Writing When You Don’t Want To Write

So there you are. You’ve had a hard day at the day job, you’re kids need help with homework, it’s your night to prepare a meal for your family, you need to spend some quality time with a roulette of family members and you just don’t feel like writing.

What to do? That novel isn’t going to write itself. Here are a few things I try when I get into this mode:

1. Take Fridays Off – This particular week was very stressful with state testing, some regular job stress thrown in and a minor crisis to boot. My mind just needed a break, a chance to unwind, and simply do little to nothing for an evening. I’ve spent it playing with the kids, watching Ladyhawke with my oldest daughter and sitting outside with my wife watching the storms roll in.

2. What’s Done In The Dark – I wait until everyone is in bed and then the laptop comes out and I get to work. I can usually motivate myself after the noise dies down. For some reason I do my best writing at this time, and therefore find it most productive. Afterward, my mind is usually so tired that I go right to sleep as well.

3. Saturday Morning Quiet – I don’t know about you, but I’m an early riser – not one of those people who sleep in. I grab a cup of joe, plop down and get to work on the stuff I thought about as I was falling asleep the night before (if I break suggestion #1) or things I thought about during the week but didn’t get to write about.

4. Form A Routine – I have a scheduled writing time during the week to ensure that I meet weekly word count goals. Scrivener helps me do this since it has a “project targets” tool that calculates how many words I have to write each day to meet my deadlines and then recalculated if I miss a day. It allows me to see my target goals and set a realistic schedule that I can see in real time.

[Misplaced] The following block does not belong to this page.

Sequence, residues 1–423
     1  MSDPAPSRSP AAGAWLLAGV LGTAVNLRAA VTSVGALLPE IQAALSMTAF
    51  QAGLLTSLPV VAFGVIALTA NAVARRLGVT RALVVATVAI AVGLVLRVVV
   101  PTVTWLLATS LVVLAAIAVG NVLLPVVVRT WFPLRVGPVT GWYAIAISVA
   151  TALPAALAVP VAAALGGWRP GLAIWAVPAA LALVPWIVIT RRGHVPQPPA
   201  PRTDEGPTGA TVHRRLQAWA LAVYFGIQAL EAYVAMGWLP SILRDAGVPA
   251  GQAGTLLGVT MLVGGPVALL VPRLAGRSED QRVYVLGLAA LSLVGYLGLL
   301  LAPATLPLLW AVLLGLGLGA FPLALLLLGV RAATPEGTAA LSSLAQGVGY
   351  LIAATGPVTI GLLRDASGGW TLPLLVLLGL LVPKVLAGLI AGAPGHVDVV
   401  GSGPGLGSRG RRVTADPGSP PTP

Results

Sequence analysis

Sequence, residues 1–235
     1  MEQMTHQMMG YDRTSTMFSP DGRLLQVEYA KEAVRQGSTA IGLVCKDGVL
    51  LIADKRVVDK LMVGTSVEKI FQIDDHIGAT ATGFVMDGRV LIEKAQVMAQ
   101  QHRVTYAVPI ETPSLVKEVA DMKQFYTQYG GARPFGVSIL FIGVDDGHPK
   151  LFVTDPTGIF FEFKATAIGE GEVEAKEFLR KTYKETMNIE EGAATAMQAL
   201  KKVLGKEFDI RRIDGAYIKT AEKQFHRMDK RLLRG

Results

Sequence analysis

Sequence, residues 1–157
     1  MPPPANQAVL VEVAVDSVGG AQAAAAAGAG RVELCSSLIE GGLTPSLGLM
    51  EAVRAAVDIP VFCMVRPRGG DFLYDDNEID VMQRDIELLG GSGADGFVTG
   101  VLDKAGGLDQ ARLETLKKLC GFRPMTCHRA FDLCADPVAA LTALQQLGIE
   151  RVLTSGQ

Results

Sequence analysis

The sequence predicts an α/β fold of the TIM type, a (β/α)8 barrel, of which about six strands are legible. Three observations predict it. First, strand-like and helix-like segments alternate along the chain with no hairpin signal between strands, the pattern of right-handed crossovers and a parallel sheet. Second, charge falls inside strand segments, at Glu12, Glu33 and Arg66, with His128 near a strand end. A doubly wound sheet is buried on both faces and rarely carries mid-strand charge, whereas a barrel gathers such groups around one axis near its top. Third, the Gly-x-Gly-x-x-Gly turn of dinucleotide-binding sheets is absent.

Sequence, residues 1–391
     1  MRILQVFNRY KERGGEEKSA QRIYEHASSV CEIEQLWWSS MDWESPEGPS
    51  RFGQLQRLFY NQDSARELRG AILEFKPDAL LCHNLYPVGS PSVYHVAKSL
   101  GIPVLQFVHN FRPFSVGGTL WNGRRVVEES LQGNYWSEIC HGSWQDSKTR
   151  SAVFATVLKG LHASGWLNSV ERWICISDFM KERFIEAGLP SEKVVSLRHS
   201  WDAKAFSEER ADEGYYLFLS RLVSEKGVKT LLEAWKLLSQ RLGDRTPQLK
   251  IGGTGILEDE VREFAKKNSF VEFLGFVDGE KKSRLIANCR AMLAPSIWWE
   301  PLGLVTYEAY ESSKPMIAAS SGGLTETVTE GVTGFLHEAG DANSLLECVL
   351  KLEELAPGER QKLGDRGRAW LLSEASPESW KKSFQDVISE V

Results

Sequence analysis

5. Don’t Beat Yourself Up – You are going to have days where you don’t feel like writing, but don’t punish yourself with marathon weekends and long weeks of sulking. Get back in there, sidle up to those keys and start typing. The only thing that will get your book written is bum glue and fingers moving, after all. It is ultimately up to you.

Published by Roger Colby, Novelist, Editor

Roger Colby is a novelist and teacher who has taught English for nearly two decades. He is also an avid reader of science fiction who feels, like many other sci-fi readers, that he has read everything. He writes science fiction for the reader who is looking for the next best thing, something to excite them into reading again. This blog is his journey as a writer and his musings about writing. He also edits manuscripts for a fee and is an expert at helping you reach your full potential as a writer.

4 thoughts on “Writing When You Don’t Want To Write

  1. Howdy fantastic website! Does running a blog like this
    take a lot of work? I’ve no knowledge of computer programming however I was hoping to start my own blog soon. Anyway, if you have any ideas or techniques for new blog owners please share. I know this is off subject however I simply needed to ask. Appreciate it!

    1. I simply signed up on WordPress and it was pretty easy to get started. Their blogging site is fairly simple to navigate, and it can be customized to your liking. It just takes some patience.

  2. I wish no. 5 was as easy as you say! 😉 I’m early morning writer too, although for me the evenings are for reading and crashing after the dark lords of the sith (my two young ones) have finally given up to the land of nod.
    Great shout on Scrivener targets. Hadn’t realised there was a daily target element hidden in the options.
    And kudos for the shout out on Ladyhawke. In the top 3 of best sunday afternoon films ever.

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